Spinning Jennie (under restraint)
Our second dog, Jennie Charlotte, weighed about 11 pounds when she came home from her breeder two weeks ago. Now she’s gaining a pound a week and more than enough confidence.
She joins her half-brother Barney, who just turned four. He’s as reserved, dutiful and gentle as she is super-busy. Jennie is alternately nippy, affectionate and asleep.
Optional spiel: Both dogs are multigenerational Australian Labradoodles, a relatively new breed developed Down Under as a service dog for people allergic to most dogs. When bred over many generations, this mix routinely comes out hypoallergenic and nonshedding like poodles and sweet-natured like retrievers, with a squirt of cocker spaniel DNA added for a lustrous coat.
Jennie and Barney share a low-key father, Schoggi. Her mother at Windsor Creek Labradoodles in southeast Pennsylvania is Zara.
Jennie and her four litter-mates were conceived in late May and born Aug. 2, 2017. All have a few white markings; she’s mostly caramel-colored, while the other four are dark chocolate. (Photos by Windsor Creek Labradoodles.)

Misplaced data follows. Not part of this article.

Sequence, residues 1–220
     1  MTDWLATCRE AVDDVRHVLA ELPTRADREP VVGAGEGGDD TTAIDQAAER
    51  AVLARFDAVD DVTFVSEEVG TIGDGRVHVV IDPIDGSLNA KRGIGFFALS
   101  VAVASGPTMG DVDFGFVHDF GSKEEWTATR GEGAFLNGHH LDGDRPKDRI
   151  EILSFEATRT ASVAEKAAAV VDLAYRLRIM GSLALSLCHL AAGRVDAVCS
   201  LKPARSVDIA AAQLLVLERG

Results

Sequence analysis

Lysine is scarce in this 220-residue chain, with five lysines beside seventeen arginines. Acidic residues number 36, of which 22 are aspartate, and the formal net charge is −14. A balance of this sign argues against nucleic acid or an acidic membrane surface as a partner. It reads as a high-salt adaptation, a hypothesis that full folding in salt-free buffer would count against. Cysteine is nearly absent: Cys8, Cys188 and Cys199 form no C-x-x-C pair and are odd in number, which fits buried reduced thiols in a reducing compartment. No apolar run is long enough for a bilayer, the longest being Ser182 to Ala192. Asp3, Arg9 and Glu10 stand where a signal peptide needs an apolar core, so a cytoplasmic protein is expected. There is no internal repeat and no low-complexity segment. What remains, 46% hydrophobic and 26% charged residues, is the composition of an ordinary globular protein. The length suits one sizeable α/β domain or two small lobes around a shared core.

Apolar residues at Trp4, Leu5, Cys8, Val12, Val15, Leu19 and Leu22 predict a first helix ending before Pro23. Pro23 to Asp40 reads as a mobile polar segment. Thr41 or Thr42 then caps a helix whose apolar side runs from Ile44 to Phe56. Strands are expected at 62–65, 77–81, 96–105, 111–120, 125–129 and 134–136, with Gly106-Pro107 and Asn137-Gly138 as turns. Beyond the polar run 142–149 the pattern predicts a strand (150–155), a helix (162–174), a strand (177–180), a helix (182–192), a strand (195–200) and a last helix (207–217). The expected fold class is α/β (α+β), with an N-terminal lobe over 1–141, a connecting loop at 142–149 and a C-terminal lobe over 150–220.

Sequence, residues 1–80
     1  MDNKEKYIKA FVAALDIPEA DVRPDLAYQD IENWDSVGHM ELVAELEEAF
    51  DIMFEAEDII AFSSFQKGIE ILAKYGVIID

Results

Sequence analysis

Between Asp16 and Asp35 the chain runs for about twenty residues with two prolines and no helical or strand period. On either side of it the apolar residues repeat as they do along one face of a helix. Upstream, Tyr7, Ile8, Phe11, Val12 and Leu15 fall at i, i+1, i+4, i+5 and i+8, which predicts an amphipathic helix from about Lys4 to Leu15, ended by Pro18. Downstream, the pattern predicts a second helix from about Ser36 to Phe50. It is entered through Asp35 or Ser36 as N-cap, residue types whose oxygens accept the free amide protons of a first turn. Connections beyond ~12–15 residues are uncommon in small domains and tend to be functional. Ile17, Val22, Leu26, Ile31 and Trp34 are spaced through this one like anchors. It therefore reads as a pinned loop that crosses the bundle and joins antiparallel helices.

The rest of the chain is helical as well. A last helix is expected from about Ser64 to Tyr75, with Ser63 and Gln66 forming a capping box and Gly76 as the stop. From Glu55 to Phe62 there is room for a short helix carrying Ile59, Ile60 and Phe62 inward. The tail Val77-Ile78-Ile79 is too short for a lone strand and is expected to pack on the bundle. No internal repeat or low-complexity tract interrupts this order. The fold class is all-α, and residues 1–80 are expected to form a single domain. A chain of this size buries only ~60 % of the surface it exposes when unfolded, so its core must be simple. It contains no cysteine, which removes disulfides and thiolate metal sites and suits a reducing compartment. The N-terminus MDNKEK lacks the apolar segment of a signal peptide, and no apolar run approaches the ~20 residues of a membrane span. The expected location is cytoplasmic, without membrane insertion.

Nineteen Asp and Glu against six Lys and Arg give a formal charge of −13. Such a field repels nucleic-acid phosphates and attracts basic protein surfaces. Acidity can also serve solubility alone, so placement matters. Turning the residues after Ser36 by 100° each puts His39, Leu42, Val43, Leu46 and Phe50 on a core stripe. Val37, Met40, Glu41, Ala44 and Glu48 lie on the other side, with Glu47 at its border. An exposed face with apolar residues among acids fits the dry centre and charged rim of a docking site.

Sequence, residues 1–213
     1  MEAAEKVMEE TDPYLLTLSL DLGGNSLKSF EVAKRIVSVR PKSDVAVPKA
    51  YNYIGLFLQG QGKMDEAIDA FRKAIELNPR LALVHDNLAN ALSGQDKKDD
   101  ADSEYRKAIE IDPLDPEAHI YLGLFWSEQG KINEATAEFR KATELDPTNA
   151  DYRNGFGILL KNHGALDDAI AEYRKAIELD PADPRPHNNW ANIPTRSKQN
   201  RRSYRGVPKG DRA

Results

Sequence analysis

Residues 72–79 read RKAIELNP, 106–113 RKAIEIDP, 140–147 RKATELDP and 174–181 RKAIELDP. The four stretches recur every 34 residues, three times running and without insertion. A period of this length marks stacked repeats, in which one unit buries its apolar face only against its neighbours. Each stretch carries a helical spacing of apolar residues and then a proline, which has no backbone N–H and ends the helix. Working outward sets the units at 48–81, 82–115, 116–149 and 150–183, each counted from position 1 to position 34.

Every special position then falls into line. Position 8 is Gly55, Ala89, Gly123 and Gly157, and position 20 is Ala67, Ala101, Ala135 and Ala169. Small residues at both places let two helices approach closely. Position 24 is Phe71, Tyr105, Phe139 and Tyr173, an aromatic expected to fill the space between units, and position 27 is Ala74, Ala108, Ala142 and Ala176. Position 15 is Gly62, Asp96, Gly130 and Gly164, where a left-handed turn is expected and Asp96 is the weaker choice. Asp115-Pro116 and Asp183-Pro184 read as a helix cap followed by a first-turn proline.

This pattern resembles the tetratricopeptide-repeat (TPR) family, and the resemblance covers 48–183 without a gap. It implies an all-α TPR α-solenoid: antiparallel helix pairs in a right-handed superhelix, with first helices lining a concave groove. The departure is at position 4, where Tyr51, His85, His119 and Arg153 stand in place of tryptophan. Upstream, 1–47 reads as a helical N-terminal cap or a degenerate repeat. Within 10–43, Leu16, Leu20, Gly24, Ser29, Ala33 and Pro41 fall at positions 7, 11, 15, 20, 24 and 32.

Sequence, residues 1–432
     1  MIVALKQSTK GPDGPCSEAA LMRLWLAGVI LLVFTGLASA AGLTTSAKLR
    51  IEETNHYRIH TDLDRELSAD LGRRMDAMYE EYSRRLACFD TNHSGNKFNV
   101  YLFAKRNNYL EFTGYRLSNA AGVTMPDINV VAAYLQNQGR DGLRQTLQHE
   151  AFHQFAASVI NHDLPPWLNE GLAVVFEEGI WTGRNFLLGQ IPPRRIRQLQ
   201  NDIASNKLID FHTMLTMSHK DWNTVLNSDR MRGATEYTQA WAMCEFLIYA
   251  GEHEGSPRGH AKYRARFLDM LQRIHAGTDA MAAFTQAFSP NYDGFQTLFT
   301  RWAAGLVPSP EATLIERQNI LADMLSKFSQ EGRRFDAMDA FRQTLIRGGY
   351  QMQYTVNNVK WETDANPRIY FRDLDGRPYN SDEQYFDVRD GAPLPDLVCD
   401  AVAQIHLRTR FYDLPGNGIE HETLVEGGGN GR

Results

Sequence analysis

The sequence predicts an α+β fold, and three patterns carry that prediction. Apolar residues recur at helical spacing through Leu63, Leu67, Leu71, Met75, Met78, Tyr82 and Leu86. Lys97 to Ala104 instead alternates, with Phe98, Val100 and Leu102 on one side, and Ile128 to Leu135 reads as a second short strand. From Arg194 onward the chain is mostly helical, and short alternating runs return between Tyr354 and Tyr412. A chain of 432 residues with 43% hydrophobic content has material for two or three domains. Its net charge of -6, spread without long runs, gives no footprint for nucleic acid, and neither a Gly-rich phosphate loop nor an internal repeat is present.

She came to D.C. Oct. 5, 2017, riding part way on my shoulders.
Though Barney has grumbled and growled at Jennie’s incursions, he made sure to show her the big stick that he chews.
Jennie may be smarter than her big brother, or at least more adept at applying her skills to meet her objectives, vision and mission. She understood immediately that the side door and back door of our house go to the same place — i.e., outdoors. Barney figured that out months later and still enjoys replicating the experience.
In these puppies, the Paul Newman eyes are temporary. If Jennie follows Barney’s inheritance, her eyes will turn to gold over time.
Barney’s first year with us.